BBB Tips for National Moving Month
May 12, 2014 | 650 views | 1 1 comments | 7 7 recommendations | email to a friend | print




BBB Tips for National Moving Month

May is National Moving Month, which kicks off the busiest time of year for Americans changing

residencies. It also means unlicensed movers and dishonest scammers are waiting to take

advantage of unwary consumers. Better Business Bureau (BBB) is again joining with the American

Moving & Storage Association (AMSA) to provide important tips on how to avoid scams and have a

safe, secure move.

In 2013, BBB received more than 1.7 million moving-related inquiries from American consumers

looking for movers, and also received more than 9,300 complaints against movers in the U.S.

Complaints that included damaged or missing items, big price increases over originally-quoted

estimates, late deliveries, and goods being held “hostage” for additional, often disputed, payments.

Anyone can claim to be a mover, so checking a mover's credentials is not only critical, it is also very

simple”, said Mechele Agbayani Mills, President and CEO of BBB Serving Central East Texas.

“Taking precautions on the front end can save you from a nightmare down the road.”

Consumers can check bbb.org for free BBB Business Reviews on more than 17,000 companies that

provide moving-related services, or for interstate moves, turn to moving.org to find an

AMSA-certified ProMover.

 

BBB and AMSA are offering the following tips for finding a trustworthy moving company:

Research the company thoroughly. While state regulations vary, all interstate movers must, at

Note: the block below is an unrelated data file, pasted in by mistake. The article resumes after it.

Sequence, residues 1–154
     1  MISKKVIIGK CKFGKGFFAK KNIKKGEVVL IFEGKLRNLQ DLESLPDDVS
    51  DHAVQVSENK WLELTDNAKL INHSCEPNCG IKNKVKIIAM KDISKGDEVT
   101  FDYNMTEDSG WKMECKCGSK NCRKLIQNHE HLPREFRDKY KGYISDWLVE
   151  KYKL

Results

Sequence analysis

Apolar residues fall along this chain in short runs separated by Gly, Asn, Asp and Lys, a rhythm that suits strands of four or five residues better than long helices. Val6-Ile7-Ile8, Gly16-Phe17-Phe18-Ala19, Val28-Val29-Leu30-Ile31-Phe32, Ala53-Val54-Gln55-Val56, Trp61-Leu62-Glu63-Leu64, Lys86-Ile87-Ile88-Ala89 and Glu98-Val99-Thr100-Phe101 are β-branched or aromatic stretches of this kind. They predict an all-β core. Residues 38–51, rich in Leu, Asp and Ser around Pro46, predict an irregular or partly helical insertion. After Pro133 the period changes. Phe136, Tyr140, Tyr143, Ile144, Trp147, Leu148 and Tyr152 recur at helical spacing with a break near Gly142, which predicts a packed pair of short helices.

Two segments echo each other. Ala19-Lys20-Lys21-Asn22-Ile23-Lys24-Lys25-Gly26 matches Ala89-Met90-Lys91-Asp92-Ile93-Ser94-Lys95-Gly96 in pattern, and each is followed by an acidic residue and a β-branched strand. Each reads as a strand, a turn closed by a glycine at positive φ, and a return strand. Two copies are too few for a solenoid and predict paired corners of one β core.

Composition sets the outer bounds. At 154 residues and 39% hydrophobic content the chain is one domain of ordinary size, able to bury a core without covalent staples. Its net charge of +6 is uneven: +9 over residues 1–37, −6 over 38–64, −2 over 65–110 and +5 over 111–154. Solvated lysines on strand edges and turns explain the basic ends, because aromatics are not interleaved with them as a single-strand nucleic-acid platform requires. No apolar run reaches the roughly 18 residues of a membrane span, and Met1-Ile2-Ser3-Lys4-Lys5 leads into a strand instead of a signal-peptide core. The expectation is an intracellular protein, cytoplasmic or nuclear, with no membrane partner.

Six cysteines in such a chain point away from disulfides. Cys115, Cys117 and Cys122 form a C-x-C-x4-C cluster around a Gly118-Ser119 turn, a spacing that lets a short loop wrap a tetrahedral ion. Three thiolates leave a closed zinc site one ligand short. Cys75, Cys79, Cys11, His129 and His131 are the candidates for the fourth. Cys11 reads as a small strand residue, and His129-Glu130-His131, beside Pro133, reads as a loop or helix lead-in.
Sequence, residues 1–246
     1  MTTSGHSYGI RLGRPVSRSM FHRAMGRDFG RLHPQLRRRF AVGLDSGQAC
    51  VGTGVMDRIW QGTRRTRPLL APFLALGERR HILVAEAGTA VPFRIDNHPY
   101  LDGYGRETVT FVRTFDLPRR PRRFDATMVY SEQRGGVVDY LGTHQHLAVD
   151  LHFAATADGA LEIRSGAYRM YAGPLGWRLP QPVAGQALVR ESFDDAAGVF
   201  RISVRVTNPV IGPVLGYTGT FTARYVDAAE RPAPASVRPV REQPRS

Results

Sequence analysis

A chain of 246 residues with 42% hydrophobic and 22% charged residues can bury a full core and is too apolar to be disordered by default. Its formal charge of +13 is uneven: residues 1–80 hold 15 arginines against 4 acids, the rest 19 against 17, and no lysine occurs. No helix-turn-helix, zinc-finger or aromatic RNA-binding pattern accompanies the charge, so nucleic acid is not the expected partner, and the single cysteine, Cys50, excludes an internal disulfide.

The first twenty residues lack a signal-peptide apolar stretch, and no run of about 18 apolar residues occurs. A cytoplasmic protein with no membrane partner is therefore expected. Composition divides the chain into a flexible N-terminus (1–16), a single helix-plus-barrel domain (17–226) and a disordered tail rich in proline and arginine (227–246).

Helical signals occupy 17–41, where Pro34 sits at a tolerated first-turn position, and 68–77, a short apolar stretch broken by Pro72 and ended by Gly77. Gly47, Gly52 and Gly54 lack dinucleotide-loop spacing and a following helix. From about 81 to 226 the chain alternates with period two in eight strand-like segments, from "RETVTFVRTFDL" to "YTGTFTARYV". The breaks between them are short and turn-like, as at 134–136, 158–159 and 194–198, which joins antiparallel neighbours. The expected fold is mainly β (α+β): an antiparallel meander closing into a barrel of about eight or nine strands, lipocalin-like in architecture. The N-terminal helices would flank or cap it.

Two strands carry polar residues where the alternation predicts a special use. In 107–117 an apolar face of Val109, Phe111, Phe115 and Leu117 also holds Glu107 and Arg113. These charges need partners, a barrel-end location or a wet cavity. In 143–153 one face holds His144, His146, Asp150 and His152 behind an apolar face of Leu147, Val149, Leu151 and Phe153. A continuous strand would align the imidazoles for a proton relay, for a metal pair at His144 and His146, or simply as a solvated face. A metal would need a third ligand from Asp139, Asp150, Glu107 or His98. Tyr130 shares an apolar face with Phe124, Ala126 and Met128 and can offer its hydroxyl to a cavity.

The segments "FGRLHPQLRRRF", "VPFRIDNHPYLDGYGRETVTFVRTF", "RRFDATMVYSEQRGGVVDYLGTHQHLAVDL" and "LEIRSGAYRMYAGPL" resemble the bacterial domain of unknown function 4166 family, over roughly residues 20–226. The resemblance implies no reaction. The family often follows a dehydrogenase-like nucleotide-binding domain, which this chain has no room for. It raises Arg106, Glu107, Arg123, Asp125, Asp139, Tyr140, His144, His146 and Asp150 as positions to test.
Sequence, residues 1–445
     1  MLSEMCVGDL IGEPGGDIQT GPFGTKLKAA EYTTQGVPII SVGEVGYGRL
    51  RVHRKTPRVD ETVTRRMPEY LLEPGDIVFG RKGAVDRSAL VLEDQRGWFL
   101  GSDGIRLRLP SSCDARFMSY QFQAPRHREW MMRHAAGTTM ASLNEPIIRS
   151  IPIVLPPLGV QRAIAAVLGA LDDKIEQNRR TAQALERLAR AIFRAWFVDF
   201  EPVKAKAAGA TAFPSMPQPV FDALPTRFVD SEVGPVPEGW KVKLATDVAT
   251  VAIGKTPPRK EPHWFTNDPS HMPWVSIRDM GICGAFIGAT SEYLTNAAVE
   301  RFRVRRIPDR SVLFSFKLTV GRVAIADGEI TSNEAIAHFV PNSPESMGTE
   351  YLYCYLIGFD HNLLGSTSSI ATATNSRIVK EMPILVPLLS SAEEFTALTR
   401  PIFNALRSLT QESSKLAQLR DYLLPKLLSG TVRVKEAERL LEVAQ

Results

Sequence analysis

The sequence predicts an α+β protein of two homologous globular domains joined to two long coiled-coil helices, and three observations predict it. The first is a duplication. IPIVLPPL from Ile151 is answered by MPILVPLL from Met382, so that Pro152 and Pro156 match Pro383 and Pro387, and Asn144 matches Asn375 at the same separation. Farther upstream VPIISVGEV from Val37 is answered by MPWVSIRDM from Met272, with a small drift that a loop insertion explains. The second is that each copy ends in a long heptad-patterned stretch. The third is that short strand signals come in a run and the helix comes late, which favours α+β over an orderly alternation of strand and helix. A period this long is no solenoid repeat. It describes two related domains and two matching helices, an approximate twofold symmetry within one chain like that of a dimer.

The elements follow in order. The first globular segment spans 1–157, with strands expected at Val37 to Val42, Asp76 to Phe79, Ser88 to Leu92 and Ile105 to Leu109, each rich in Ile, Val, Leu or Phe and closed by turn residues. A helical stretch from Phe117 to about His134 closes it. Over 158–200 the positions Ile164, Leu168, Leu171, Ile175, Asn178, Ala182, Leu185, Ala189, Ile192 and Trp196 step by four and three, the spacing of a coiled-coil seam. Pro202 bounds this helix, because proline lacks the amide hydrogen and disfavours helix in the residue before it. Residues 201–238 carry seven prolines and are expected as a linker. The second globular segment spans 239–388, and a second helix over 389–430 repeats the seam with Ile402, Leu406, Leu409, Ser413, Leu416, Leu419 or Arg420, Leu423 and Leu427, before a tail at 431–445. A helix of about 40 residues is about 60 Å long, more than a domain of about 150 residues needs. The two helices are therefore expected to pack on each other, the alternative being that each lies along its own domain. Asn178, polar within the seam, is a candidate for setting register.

minimum, be licensed by the Federal Motor Carrier Safety Administration. FMCSA assigns a unique

motor carrier number that can be verified at protectyourmove.gov. Make sure you know whether you

are dealing directly with a mover, or with a broker (middleman) who will refer your job to a mover you

don’t know.

 

Get at least three written in-home estimates. Not all price quotes online or over the phone are

legitimate (or binding), and crooks are not likely to send an estimator to your home in advance

. Remember that the lowest estimate can sometimes be an unrealistic, low-ball offer, which may cost

you more in the end.

 

Know your rights. Research your rights with either the FMCSA for interstate moves, or with the

appropriate state agency for moves just within that state. Interstate movers must give you two

booklets detailing your rights, which are also available online. If a company threatens to hold your

belongings “hostage,” enlist the help of BBB or local law enforcement.

 

Consider accepting full value protection. It may cost more, but it can provide some peace of mind

and eliminate headaches after your move. Purchasing full (replacement) value protection from your

mover means any lost or damaged articles will be repaired or replaced, or a cash settlement will be

made to repair the item or to replace it at its current market value, regardless of age. It’s important to

note, for example, that the required minimum coverage of 60 cents per pound would not cover the

replacement cost of a flat panel TV if damaged in transit. The cost of full value protection must be

included in the initial estimate you receive for an interstate move. FMCSA also requires interstate

movers to offer arbitration to help settle disputed claims.

 

To check out a mover near you, and for more consumer information you can trust,

visit moving.org and bbb.org. To report fraudulent activity or unscrupulous business practices, call

the BBB Hotline: (903)581-8373.

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Demi Robinsons
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May 19, 2014
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